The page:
Germany has one of the lowest fibre penetration rates in Europe and is under great pressure to catch up.
Telekom Deutschland, Germany’s biggest telco and the second biggest opco in the Deutsche Telekom (DT) group, is offering investors stakes in a vehicle it will create to help fund the urgently needed overhaul of the country’s digital infrastructure.
The move to fibre is long overdue: fibre penetration stood at just 4.9% in the FTTH Council Europe’s latest figures, compared with Spain at 62.2%, or France at 35%. Like BT and some other incumbents across Europe, it preferred to squeeze maximum use out of its copper-based infrastructure for as long as it could – until 2019 in Telekom Deutschland’s case.
This is not acceptable politically given how critical reliable, fast enough and affordable broadband is to the economy, for social cohesion and education.
Three sources close to the matter told Reuters that DT and its adviser Deutsche Bank are targeting investors such as Dutch funds APG and PGGM and Canada’s Brookfield and CDPQ, as well as sovereign wealth funds.
DT’s initial plan is to roll out fibre cables to 4 million households and investors will be offered stakes equivalent to up to half of the project’s equity, the sources said. Further extensions of the network are likely.
Telekom Deutschland has a joint venture, Glasfaser Nordwest, with EWE for north-west Germany, set up in 2019, but is keen to follow the strategy adopted by rivals, such as Spain’s Telefonica: Telefonica Deutschland struck a deal in October 2020 with German insurer Allianz to deliver fibre to 2.2 million German households in a project valued at €5 billion.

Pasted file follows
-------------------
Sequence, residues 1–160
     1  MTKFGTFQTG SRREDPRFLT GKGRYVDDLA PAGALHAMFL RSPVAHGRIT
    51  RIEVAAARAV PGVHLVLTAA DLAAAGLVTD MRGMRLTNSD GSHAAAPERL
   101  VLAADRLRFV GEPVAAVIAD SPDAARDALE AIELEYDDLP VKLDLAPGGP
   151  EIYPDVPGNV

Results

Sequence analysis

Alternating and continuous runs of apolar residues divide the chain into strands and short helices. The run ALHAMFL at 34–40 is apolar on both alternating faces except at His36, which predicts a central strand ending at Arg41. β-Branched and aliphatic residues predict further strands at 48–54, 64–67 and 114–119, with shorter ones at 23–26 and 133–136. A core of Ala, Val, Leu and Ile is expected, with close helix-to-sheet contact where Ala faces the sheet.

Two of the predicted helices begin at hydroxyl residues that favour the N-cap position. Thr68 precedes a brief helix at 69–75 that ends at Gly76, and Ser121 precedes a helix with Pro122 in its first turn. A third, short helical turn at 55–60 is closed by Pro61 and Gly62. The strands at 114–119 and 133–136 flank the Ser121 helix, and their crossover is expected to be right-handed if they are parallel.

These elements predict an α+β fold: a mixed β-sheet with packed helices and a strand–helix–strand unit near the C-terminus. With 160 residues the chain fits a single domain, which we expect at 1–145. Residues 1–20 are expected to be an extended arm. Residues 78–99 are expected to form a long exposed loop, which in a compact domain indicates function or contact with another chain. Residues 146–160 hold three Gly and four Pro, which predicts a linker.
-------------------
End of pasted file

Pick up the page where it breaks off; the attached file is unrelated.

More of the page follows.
How much is involved?
Reuters said DT, Deutsche Bank and the prospective bidders all declined to comment.
However, Reuters says fibre networks are typically financed with 30% equity and 70% debt, and DT is looking for investors to contribute half of the equity with it providing the rest.
At its capital markets day in May, DT Group’s CEO Tim Hoettges underlined the company’s commitment to accelerating the roll-out of fibre in Germany, taking it from 600,000 households last year to 2.5 million in 2024. He said the company plans to invest €2.5 billion a year in fibre infrastructure.
Selling assets to raise cash
At the same time as DT is preparing to invest billions, it needs a hefty sum to take advantage of it option to increase its holding in T-Mobile US to more than 50% from 43% – and is already in debt to the tune of €130 billion.
Hence DT is also looking to sell off assets, starting with T-Mobile Netherlands to cut debt and raise cash for investment in infrastructure. Interestingly, the Netherlands has attracted outside investors to help fund its accelerated fibre roll-out to urban and rural areas.
Potential suitors include infrastructure investors KKR, EQT and Warburg Pincus as well as the French telecoms entrepreneur Xavier Niel, Reuters’ sources said.
Warburg Pincus employs former DT CEO Rene Obermann, and came close to buying the business in 2015.
Once the Netherlands opco is disposed of, DT could well follow so many other European operators and look at options for its towers estate.